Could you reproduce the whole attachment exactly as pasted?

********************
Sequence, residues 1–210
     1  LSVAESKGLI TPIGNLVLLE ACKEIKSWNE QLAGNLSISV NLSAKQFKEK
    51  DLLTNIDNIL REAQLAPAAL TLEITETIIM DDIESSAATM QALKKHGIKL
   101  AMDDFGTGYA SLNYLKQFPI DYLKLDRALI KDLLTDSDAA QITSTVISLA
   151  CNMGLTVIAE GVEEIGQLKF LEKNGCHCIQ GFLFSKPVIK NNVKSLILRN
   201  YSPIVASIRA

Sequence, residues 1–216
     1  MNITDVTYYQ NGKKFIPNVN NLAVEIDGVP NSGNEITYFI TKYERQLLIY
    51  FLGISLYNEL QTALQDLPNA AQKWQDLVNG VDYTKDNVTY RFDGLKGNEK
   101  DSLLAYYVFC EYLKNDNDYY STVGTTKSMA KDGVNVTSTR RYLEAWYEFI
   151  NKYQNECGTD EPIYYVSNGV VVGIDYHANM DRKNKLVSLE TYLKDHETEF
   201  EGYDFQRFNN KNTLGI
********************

Sequence, residues 1–210
     1  LSVAESKGLI TPIGNLVLLE ACKEIKSWNE QLAGNLSISV NLSAKQFKEK
    51  DLLTNIDNIL REAQLAPAAL TLEITETIIM DDIESSAATM QALKKHGIKL
   101  AMDDFGTGYA SLNYLKQFPI DYLKLDRALI KDLLTDSDAA QITSTVISLA
   151  CNMGLTVIAE GVEEIGQLKF LEKNGCHCIQ GFLFSKPVIK NNVKSLILRN
   201  YSPIVASIRA

Sequence, residues 1–216
     1  MNITDVTYYQ NGKKFIPNVN NLAVEIDGVP NSGNEITYFI TKYERQLLIY
    51  FLGISLYNEL QTALQDLPNA AQKWQDLVNG VDYTKDNVTY RFDGLKGNEK
   101  DSLLAYYVFC EYLKNDNDYY STVGTTKSMA KDGVNVTSTR RYLEAWYEFI
   151  NKYQNECGTD EPIYYVSNGV VVGIDYHANM DRKNKLVSLE TYLKDHETEF
   201  EGYDFQRFNN KNTLGI